New Trend: typefaces create their own matchmaking

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Burton Type Family

One new trend that’s become a part of the typographic landscape recently is the inclusion of contrasting typefaces within a type family. The type designer creates a main font family and then adds another font to compliment. This makes it easy to find a “match” to use with the main typeface, with beautifully predictable results. One such family is Bourton, designed by Kimmy Kirkwood. Bourton is a san serif typeface with elements drawn from vintage san serifs of the 1930s and 40s blended with a more modern aesthetic. It is also a layered typeface, meaning you can add or remove the outlines, inlines, and drop shadows from the type. As far as matchmaking goes, it comes with a script typeface in two weights (light and bold) that serve as a nice compliment to the san serif.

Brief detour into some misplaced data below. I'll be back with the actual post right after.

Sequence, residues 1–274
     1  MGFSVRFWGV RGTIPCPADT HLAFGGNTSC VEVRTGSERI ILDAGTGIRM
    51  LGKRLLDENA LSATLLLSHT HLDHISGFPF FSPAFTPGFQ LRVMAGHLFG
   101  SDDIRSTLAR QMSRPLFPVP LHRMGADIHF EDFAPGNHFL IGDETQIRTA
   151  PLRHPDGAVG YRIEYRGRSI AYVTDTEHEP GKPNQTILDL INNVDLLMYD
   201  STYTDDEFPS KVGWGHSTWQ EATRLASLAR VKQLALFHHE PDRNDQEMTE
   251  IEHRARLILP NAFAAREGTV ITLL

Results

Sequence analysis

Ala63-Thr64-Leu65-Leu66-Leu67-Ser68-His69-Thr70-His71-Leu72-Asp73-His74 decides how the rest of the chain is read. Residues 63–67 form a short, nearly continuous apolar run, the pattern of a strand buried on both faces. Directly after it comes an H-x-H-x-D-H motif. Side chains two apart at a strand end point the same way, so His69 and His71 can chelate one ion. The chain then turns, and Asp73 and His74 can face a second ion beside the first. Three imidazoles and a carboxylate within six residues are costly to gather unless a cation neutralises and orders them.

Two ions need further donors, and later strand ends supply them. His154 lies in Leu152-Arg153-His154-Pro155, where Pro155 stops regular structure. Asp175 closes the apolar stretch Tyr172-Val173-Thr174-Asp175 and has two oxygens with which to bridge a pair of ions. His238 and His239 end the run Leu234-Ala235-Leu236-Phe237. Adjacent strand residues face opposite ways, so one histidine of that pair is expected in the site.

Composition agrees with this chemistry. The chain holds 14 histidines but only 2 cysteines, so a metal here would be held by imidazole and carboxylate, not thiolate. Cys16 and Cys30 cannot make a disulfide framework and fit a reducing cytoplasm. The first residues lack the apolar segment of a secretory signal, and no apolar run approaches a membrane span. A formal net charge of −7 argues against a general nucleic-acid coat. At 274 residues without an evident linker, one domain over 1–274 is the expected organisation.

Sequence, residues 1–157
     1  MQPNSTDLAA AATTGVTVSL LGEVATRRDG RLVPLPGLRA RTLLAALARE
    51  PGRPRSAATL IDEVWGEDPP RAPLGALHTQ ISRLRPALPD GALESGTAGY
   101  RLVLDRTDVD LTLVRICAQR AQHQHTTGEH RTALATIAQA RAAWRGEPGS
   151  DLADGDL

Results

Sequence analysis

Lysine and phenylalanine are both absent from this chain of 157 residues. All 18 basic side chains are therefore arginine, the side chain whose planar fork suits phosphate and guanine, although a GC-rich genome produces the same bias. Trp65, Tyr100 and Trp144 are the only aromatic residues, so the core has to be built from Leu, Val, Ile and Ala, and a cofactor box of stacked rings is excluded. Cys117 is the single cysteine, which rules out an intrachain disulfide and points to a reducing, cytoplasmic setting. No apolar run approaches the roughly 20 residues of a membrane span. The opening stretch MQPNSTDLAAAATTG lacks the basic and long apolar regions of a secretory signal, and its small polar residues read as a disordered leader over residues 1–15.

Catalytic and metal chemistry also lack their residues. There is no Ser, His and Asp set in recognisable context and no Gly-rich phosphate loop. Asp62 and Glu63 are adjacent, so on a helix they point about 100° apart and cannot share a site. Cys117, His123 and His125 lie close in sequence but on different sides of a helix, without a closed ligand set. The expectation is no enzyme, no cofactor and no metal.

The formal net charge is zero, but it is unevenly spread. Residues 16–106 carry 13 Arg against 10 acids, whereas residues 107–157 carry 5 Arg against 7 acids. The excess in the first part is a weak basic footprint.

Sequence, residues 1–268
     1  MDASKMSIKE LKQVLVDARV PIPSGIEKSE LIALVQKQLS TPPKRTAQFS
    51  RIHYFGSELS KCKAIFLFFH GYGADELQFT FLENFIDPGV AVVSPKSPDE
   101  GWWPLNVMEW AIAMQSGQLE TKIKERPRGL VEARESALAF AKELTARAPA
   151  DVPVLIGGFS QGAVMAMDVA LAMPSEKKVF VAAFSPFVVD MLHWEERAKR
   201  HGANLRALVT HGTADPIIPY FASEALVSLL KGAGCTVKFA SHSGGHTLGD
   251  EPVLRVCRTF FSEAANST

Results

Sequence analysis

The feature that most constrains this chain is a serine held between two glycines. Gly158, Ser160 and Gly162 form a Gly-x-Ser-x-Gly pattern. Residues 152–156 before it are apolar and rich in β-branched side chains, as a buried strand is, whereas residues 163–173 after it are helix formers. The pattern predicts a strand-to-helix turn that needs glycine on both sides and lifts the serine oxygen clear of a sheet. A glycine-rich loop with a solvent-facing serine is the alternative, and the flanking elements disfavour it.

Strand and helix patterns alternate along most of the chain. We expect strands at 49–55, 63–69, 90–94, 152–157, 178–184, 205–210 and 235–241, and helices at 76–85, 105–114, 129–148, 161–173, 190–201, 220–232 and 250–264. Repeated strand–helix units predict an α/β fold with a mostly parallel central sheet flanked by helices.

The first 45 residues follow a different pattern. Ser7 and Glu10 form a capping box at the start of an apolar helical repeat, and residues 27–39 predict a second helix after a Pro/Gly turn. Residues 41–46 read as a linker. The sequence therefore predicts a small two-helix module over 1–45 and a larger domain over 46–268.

Some might say that this has already been going on for decades in the form of super families, meaning typefaces with both a serif and san serif style (Matthew Carter’s typeface Walker comes to mind, along with Stone and Meta). While this is true, one distinction would be that type families like Bourton have a much stronger contrast in the aesthetics of the typefaces and the weights and styles are much more limited than a super family.

A typeface that kind of straddles both trends is Taberna from Latinotype. The designers, Jorge Cisterna and Rodrigo Fuenzalida, drew inspiration from the signage found at bars and on packaging for liquors. The typeface features a serif and san serif and is a layered typeface. Both the serif and san serif have some similarities, but the range of styles is based on the layering of elements, as opposed to the dozens of weights and styles that super families have.

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